Thailand’s Prime Minister Prayuth Chan-ocha says he has assigned the Royal Thai Army to investigate after Facebook Inc. removed 185 accounts and groups allegedly engaged in an information-influencing operation in Thailand run by the military. – Associated Press 

Bob Scher writes: The DoD will need to build expertise and partner with federally focused experts in the private sector to make sure U.S. tech companies are fully vetted for the government market. The DoD needs to leverage the tools of the private sector to evaluate companies, make strategic investments and vet dual-use commercial technology. – Defense News


Republicans on the Senate Armed Services Committee challenged President Joe Biden’s pick for undersecretary of defense for policy Thursday, portraying his criticism of former President Donald Trump’s administration as “hyper-partisan” and intemperate. – Bloomberg 

Building an Aegis Ashore facility on Guam would relieve three guided-missile destroyers from missile defense work and make them available for Navy tasking, the head of U.S. Indo-Pacific Command said Thursday. – USNI News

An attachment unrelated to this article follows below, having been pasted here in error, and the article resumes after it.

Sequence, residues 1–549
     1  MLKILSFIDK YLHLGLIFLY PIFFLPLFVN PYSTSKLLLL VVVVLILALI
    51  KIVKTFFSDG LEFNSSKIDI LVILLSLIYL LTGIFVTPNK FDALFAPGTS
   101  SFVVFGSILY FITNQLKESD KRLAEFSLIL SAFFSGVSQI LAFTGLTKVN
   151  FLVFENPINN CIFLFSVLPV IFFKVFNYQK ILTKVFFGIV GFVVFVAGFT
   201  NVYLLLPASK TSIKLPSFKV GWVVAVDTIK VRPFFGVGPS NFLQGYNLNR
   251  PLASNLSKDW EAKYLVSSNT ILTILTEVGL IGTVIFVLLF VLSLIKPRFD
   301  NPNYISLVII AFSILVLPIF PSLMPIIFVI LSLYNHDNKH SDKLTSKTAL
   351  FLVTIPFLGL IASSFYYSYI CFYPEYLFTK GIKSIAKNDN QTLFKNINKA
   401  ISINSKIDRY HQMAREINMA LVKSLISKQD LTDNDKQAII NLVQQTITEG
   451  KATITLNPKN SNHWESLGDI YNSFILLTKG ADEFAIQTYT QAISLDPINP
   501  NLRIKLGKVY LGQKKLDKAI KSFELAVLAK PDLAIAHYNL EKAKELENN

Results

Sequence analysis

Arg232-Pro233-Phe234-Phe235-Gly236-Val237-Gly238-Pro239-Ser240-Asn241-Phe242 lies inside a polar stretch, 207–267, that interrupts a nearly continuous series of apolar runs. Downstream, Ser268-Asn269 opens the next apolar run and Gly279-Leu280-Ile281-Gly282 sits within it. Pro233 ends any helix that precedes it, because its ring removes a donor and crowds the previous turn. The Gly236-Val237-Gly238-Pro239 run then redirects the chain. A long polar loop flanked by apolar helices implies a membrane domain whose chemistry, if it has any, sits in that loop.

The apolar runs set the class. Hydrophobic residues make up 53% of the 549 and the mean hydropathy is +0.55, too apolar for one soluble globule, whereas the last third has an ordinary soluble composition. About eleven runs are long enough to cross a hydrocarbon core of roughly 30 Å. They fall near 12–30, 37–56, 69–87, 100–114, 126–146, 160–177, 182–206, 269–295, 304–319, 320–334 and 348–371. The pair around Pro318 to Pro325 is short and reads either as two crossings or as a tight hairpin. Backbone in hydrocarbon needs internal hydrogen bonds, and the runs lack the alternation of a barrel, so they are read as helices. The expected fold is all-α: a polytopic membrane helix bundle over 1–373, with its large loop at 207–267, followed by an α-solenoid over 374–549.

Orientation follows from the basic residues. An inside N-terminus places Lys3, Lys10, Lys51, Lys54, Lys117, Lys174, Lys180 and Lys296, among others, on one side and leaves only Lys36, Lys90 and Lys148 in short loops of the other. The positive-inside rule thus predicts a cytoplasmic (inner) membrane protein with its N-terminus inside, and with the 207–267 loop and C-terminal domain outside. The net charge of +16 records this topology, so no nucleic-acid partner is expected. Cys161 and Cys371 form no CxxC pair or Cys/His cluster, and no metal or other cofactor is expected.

The U.S. Navy has transferred authorities over networks and IT systems to a newly created office dedicated to Project Overmatch, the service’s plan for a connected force for future battles, C4ISRNET has learned. – C4ISRNET

Two Democratic lawmakers are introducing legislation to kill the nuclear-armed, sea-launched cruise missile set to begin development next year and its associated warhead. – Defense News 

The House Veterans’ Affairs Committee on Thursday launched an new investigation into the targeted recruitment of veterans by extremist organizations in the wake of the deadly attack on Congress earlier this year. – Military Times